our good old nurse, just because her milk is dried up!
My wife, my boy, and myself, we mean to remain faithful to her!"
"Good-by then, Simon," replied the engineer, whose voice,
in spite of himself, betrayed some emotion.
"No, I tell you, it's TILL WE MEET AGAIN, Mr. Starr,
and not Just 'good-by,'" returned the foreman. "Mark my words,
Aberfoyle will see you again!"
The engineer did not try to dispel the man's illusion. He
patted Harry's head, again wrung the father's hand, and left the mine.
All this had taken place ten years ago; but, notwithstanding the wish
which the overman had expressed to see him again, during that time
Starr had heard nothing of him. It was after ten years of separation
that he got this letter from Simon Ford, requesting him to take without
delay the road to the old Aberfoyle colliery.
A communication of an interesting nature, what could it be?
Dochart pit. Yarrow shaft! What recollections of the past
these names brought back to him! Yes, that was a fine time,
that of work, of struggle,--the best part of the engineer's life.
Starr re-read his letter. He pondered over it in all its bearings.
He much regretted that just a line more had not been added
by Ford. He wished he had not been quite so laconic.
Was it possible that the old foreman had discovered some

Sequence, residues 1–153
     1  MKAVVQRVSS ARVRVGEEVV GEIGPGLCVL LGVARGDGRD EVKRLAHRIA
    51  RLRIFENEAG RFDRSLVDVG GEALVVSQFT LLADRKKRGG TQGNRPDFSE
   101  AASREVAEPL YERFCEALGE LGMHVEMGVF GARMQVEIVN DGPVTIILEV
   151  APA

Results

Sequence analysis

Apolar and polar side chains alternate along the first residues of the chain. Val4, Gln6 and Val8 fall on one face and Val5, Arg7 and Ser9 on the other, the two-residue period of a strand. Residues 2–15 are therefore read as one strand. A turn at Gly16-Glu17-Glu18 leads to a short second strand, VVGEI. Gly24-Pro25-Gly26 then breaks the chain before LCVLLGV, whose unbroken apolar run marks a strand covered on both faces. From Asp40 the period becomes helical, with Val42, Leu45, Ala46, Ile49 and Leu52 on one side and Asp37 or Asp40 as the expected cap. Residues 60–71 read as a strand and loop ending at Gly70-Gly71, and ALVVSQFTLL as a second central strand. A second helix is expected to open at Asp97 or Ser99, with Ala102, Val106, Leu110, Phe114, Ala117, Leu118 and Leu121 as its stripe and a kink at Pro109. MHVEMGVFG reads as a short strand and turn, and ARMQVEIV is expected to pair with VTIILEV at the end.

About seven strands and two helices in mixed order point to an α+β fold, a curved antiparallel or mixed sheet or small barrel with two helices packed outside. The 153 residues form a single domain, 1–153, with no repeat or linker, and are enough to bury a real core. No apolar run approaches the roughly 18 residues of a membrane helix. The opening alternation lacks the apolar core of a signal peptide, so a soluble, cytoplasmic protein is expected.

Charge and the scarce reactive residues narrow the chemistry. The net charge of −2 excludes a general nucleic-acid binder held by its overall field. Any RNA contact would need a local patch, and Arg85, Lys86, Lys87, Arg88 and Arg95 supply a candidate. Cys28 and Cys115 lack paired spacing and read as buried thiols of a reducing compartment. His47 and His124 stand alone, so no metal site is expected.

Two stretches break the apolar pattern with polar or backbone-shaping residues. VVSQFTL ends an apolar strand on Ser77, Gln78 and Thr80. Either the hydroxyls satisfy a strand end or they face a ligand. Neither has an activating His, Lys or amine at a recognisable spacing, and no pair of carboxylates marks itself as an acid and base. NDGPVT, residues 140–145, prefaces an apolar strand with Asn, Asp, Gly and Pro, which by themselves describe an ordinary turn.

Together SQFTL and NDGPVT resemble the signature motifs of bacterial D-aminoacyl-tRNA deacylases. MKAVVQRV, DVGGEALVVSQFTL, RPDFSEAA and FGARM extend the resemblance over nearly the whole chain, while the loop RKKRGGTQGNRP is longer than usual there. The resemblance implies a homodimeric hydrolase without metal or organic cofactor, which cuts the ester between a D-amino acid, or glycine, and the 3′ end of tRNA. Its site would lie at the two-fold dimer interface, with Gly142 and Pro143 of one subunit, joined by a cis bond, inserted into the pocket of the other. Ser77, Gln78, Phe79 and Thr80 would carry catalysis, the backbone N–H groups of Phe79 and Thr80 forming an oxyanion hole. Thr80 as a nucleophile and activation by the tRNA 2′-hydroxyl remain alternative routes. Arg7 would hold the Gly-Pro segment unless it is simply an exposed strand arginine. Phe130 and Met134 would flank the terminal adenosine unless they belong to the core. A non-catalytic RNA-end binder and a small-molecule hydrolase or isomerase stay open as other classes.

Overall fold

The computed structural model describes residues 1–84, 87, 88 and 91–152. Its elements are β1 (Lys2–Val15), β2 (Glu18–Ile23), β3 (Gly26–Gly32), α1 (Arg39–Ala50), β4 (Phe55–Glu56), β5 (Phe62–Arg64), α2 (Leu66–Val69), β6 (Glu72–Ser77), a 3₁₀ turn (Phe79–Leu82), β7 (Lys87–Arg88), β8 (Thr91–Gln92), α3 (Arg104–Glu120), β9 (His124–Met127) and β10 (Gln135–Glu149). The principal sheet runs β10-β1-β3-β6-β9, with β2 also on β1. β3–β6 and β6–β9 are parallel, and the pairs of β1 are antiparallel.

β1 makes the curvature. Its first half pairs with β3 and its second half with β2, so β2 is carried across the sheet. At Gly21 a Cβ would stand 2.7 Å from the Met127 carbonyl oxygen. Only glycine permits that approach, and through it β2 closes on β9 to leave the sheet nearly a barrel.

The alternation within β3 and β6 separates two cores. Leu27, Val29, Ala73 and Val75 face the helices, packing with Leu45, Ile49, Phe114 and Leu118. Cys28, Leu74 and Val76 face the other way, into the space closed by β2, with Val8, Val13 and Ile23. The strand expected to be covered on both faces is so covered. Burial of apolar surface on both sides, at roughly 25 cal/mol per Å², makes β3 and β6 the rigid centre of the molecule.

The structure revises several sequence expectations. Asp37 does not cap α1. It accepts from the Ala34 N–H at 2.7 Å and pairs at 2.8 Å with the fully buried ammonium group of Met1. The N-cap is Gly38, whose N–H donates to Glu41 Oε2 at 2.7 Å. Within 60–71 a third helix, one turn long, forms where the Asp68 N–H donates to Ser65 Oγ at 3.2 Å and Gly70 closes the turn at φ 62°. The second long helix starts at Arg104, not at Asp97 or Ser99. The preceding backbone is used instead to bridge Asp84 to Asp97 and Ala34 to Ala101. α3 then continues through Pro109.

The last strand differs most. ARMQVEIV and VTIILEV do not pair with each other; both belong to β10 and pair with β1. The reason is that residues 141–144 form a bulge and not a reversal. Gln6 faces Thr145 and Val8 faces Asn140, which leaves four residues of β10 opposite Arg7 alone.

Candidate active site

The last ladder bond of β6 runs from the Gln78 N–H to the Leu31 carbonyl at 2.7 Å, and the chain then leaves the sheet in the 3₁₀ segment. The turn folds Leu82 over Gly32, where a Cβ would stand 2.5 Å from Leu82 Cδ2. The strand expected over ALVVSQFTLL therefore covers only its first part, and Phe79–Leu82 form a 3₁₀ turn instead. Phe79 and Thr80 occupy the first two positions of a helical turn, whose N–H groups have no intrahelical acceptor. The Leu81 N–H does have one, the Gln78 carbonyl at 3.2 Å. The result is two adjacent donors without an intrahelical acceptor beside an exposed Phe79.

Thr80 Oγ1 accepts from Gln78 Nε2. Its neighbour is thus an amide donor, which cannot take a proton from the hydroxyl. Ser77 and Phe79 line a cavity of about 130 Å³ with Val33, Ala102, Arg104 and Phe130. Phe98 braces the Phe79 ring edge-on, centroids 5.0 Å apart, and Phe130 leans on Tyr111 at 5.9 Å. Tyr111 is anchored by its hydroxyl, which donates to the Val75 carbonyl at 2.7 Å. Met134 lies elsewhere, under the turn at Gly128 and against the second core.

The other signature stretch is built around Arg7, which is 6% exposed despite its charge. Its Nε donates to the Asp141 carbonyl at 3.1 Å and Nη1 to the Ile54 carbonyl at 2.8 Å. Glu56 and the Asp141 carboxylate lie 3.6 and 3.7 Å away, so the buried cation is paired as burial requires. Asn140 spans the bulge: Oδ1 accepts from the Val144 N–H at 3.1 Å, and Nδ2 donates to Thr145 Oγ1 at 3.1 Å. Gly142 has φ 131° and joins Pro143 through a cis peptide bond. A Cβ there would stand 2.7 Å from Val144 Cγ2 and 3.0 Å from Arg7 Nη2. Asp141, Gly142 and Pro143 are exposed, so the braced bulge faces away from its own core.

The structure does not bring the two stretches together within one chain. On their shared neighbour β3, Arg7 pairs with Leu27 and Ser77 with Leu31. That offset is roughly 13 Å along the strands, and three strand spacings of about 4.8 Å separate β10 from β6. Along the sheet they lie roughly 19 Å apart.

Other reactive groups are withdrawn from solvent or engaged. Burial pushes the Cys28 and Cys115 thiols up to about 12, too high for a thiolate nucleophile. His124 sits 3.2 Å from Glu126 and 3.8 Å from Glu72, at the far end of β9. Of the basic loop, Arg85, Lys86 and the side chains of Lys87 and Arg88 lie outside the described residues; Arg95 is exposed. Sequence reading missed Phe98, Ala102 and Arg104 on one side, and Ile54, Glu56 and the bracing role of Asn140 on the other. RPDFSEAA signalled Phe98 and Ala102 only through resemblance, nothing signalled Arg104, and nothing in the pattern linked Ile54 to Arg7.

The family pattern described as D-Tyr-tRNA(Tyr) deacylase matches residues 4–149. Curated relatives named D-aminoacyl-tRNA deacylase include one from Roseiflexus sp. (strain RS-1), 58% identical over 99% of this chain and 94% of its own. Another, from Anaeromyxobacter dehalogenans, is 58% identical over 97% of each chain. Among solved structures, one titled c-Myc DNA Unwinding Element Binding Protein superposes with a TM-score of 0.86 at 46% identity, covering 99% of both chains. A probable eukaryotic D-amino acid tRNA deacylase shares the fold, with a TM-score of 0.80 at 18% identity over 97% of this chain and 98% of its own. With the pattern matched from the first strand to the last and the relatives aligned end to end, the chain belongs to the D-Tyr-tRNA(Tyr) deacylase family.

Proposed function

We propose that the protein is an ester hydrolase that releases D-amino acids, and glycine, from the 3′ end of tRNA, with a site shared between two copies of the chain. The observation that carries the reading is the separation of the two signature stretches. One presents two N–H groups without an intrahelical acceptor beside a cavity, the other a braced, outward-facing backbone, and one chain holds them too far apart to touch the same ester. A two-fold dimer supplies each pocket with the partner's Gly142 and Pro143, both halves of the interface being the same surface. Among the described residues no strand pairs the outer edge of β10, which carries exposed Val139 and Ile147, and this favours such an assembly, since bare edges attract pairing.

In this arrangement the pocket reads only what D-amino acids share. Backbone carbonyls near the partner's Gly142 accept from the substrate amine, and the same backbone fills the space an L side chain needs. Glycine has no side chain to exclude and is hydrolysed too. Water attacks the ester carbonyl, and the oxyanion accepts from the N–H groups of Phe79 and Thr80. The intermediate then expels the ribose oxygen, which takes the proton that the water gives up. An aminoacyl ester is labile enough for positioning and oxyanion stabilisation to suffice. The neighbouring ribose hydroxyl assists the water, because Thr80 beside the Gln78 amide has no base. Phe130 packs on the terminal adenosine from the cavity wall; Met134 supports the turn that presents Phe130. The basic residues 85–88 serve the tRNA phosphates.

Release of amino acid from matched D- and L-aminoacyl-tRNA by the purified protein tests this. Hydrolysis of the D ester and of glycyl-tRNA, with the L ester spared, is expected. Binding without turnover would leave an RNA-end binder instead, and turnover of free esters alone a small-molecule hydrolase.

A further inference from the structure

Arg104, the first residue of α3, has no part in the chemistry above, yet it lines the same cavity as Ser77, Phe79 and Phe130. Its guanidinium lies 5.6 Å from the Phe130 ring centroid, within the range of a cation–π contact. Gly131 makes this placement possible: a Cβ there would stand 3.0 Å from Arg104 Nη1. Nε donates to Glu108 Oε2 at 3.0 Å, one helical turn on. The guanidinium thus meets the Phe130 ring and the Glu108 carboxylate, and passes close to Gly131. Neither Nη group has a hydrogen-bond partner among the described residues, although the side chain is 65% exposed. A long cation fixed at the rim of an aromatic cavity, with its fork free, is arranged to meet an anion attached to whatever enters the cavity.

new vein? No! Starr remembered with what minute care the mines
had been explored before the definite cessation of the works.
He had himself proceeded to the lowest soundings without finding
the least trace in the soil, burrowed in every direction.
They had even attempted to find coal under strata which are usually
below it, such as the Devonian red sandstone, but without result.
James Starr had therefore abandoned the mine with the absolute
conviction that it did not contain another bit of coal.
"No," he repeated, "no! How is it possible that anything
which could have escaped my researches, should be revealed
to those of Simon Ford. However, the old overman must well
know that such a discovery would be the one thing in the world
to interest me, and this invitation, which I must keep secret,
to repair to the Dochart pit!" James Starr always came
back to that.
On the other hand, the engineer knew Ford to be a clever miner,
peculiarly endowed with the instinct of his trade.